FARMINGTON — A new bill names candidates for the position of chief justice of the Navajo Nation.

The three applicants are Rodgerick T. Begay, JoAnn B. Jayne and Carol K. Perry.

Allen Sloan has guided the tribe's high court since July 2015.

Sloan has served as acting chief justice since Chief Justice Herb Yazzie retired in May 2015.

The bill states that each applicant has been interviewed by the Law and Order Committee.

Begay is deputy attorney general for the Navajo Nation Department of Justice.


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He was appointed to the position by Navajo Nation President Russell Begaye in November 2016 and confirmed by the tribal council in January.

Begay earned a juris doctor degree from the University of Tulsa College of Law and is a member of the Arizona State Bar Association and the Navajo Nation Bar Association, according to information released by the tribe's Judicial Branch.

He started his legal career in 2005 as an attorney for the tribe's Department of Justice then served as a staff attorney from 2007 to 2013 for the Chinle District Court and the Window Rock District Court.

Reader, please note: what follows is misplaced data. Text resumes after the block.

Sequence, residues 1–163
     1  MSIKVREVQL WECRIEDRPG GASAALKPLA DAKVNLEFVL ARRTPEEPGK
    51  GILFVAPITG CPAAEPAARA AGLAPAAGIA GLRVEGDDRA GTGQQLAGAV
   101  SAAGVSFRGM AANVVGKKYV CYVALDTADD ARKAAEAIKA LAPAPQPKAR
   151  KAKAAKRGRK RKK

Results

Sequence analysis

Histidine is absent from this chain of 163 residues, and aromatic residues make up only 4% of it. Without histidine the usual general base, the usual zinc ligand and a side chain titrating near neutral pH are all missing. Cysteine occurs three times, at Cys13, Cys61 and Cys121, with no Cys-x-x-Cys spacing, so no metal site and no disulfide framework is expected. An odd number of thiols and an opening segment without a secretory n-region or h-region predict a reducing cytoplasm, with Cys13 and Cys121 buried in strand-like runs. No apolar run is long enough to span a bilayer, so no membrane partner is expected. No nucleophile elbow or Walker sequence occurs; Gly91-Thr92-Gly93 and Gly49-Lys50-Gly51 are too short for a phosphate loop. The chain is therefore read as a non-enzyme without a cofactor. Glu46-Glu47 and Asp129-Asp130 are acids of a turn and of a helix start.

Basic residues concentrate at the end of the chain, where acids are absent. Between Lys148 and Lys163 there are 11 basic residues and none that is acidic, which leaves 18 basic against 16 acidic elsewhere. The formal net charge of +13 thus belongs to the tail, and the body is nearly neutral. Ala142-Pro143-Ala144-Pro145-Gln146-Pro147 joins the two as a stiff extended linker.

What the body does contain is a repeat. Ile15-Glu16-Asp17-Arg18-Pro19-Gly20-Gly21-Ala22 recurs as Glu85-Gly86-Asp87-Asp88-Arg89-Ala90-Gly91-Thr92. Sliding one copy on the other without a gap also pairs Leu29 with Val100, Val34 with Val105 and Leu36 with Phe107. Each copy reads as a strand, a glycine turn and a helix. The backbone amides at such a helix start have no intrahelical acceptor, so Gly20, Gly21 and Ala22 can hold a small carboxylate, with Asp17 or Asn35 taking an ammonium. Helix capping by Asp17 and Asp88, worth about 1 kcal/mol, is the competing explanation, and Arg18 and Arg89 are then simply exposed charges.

Begay returned to the Justice Department in 2013 and was an assistant attorney general for the economic and community development unit.

Jayne is a chief appellate court judge for the Crow Nation in Montana, according to information released by the branch.

She earned a juris doctor degree from the University of Montana and is a member of the Montana State Bar Association and the Navajo Nation Bar Association.

Jayne has also served as a justice court judge in Lake County and as an appellate associate justice for the Confederate Salish and Kootenai Tribes, both in Montana.

She represented District 73 in the Montana House of Representatives from 2001 to 2004 and represented District 15 from 2005 to 2008.

Perry is a judge in the Window Rock District Court in Window Rock, Ariz. The branch did not release additional information about Perry.

The bill has been posted to the tribal council's website and has been assigned to the Law and Order Committee.


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If committee members approve the bill, the names will proceed to President Begaye for his review.

The tribal president has the authority to appoint the chief justice, which is subject to confirmation by the tribal council.

Tribal law states the committee screens applicants for judges and justice positions and provides recommendations for appointments.

Noel Lyn Smith covers the Navajo Nation for The Daily Times. She can be reached at 505-564-4636.

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